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  • Human Knowledge of Change September 26, 2014

    Author: Beach Combing | in : Ancient, Contemporary, Medieval, Modern, Prehistoric , trackback


    Humanity began its long escape from the seasons about 10000 years ago when the Neolithic Revolution saw a nomadic primate named homo sapiens start to settle, grow plants, drink beer and domesticate animals. Though some of our cousins in the Amazon rainforest and the Pacific still keep up an essentially natural animal existence, most of the species are continuing to enjoy the joys and the horrors of the escape from the natural environment. Whether humanity’s attempt to escape animalhood is a road to hell or a tram ride to the sunlit uplands is besides the point: what matters is from when men and women built houses we have been on a journey, something that could not have been said of paleolithic humans, save in terms of the minute changes in physical evolution. Thanks to two hundred years of scientific history and archaeology we know that, without a shadow of doubt, human capabilities, vulnerabilities and societies have and are changing. But here’s the rub. How many of our ancestors from the days of the first settlement to today could have had the wisdom or the breadth of vision to say the same thing: drbeachcombing AT yahoo DOT com. This is not the old chestnut about interest in progress, it is an understanding that our great grandchildren will not live in the same world that we do.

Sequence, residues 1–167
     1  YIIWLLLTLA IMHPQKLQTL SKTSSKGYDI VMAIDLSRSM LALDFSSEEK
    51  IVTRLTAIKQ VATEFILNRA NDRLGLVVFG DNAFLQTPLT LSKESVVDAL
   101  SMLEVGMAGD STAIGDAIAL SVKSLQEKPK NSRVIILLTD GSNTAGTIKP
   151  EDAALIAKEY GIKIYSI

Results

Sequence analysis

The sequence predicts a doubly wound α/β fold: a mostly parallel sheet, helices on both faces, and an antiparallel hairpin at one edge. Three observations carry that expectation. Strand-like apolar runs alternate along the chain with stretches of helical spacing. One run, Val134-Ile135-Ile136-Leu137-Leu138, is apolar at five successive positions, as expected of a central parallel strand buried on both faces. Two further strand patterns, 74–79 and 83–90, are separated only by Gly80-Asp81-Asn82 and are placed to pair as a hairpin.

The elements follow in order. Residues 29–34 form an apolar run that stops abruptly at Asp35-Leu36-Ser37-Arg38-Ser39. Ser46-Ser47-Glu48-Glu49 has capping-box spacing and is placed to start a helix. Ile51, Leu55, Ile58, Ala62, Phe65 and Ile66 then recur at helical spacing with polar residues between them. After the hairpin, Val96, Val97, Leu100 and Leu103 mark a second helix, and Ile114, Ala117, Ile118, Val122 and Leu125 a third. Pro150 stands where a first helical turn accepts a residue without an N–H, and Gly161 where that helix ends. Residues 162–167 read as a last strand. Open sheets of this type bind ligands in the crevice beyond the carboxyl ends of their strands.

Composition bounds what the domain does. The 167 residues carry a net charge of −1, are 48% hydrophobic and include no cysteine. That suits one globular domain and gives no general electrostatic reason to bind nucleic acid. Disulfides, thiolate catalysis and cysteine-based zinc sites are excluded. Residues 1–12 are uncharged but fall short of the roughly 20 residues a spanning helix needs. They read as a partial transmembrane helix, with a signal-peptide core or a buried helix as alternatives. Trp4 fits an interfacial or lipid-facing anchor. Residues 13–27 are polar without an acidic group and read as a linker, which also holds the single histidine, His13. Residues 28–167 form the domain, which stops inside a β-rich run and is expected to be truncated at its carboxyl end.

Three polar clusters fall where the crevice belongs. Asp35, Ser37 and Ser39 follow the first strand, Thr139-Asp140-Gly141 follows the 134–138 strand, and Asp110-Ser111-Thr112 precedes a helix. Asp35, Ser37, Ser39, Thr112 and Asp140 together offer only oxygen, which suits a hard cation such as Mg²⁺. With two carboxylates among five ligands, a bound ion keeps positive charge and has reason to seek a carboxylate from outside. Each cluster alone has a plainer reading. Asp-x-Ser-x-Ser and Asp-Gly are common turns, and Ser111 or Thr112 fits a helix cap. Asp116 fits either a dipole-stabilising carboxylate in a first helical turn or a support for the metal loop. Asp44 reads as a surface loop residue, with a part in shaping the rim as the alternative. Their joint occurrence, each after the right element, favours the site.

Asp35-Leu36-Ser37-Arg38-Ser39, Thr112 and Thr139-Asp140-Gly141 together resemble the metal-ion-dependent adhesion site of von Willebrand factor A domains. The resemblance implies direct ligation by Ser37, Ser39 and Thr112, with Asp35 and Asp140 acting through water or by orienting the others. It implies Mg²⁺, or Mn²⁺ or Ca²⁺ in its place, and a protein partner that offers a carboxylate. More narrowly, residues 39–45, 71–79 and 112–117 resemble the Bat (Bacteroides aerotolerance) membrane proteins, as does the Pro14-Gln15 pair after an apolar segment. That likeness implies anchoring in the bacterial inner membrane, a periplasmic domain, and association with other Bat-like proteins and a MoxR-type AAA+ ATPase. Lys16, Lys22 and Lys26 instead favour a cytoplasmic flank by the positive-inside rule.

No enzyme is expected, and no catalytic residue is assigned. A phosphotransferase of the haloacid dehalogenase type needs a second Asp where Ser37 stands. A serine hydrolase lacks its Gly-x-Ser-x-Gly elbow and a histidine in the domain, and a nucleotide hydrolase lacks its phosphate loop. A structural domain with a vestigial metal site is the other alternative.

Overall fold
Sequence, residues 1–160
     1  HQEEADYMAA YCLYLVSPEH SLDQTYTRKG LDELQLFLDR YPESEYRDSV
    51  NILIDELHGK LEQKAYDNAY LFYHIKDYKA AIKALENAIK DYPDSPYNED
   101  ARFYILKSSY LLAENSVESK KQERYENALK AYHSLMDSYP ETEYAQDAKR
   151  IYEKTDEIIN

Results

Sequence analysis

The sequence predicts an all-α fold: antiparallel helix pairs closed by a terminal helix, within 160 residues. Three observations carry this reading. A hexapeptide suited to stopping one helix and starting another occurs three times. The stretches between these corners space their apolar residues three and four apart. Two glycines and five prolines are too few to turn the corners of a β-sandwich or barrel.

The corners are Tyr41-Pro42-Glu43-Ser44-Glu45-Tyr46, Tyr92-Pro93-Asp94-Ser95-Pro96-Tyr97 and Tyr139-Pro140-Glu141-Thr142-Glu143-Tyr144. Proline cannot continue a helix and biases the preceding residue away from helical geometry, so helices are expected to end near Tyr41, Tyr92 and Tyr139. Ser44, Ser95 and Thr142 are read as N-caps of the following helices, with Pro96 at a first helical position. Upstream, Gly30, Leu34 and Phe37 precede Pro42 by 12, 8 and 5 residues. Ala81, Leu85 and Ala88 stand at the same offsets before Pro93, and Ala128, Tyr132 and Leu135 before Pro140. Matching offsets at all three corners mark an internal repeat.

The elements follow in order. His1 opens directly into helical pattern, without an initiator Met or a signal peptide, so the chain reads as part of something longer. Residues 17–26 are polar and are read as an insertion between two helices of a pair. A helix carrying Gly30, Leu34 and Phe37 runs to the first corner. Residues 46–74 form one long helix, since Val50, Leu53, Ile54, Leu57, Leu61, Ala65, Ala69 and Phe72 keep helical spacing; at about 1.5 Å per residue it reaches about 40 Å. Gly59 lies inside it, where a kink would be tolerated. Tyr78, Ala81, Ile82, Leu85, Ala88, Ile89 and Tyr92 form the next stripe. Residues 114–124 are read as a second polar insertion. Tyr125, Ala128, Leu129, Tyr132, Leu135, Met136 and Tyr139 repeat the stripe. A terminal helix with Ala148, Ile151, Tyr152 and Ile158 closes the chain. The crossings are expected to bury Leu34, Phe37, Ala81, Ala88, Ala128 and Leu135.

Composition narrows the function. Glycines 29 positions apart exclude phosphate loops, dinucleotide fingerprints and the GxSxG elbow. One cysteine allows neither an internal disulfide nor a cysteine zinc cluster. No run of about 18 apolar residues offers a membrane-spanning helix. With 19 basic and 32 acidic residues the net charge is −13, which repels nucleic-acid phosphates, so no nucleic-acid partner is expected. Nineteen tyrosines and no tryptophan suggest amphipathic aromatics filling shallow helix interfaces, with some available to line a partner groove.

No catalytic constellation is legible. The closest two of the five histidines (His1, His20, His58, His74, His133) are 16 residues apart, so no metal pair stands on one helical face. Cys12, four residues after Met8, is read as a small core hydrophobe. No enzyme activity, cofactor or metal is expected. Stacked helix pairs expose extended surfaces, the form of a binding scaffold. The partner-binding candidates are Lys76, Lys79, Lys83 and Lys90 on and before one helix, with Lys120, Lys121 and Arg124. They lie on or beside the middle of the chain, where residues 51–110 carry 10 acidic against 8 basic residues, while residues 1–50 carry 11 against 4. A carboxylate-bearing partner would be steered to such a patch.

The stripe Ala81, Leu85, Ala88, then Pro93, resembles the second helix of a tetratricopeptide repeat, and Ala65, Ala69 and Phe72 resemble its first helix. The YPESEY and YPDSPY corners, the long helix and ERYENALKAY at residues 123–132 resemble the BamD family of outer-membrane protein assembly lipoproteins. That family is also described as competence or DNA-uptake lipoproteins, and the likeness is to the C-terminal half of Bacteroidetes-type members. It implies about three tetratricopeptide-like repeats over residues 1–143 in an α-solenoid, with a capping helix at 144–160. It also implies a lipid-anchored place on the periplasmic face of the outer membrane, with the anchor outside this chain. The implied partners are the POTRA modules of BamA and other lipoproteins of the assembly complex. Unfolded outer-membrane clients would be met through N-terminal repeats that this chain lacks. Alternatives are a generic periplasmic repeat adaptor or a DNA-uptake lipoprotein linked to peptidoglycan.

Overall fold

The technological changes between 8000 BC and 1000 BC, say, were dramatic but those who lived through the Neolithic period and beyond dwelt in a world where natural cycles (lunar, solar, menstrual…) overshadowed historical changes: they were absolutely tied to the land and what the land could produce. They also lived in conservative societies, not necessarily societies that rejected change, but societies certainly that claimed to abhor change. The same is true of almost every ancient and medieval society and, indeed, many modern societies. How could these hide-bound folks possibly get a sense of the bigger picture of the human express en route to extinction or Alpha Centurai? Today it is normal for children, at least in the west, to talk to parents who remember when there were no mobile phones, while this blogger’s grandparents spoke to aunts and uncles who remembered the first cars appearing on dust tracks… Change is so vibrant and evident that it has begun to scratch the drawing paper: the message wrecking the medium. But back beyond about 1800 there are not the same obvious technological jump forwards and intellectual ideas can, of course, be absorbed and glossed over by societies who want to pretend that everything is always and has always been the same. Only a very privileged few (merchants in Italian communes, the buccaneers riding the coast of the New World, peasants pushed into just built factories, the Romani watching their cities emptying in the early fifth century) were able to look behind the curtain and, for a moment, glimpse the cogs and brakes cracking along. What they feel is what we feel and it is both dizzying and exhilarating. Just don’t get your hand caught in the machinery…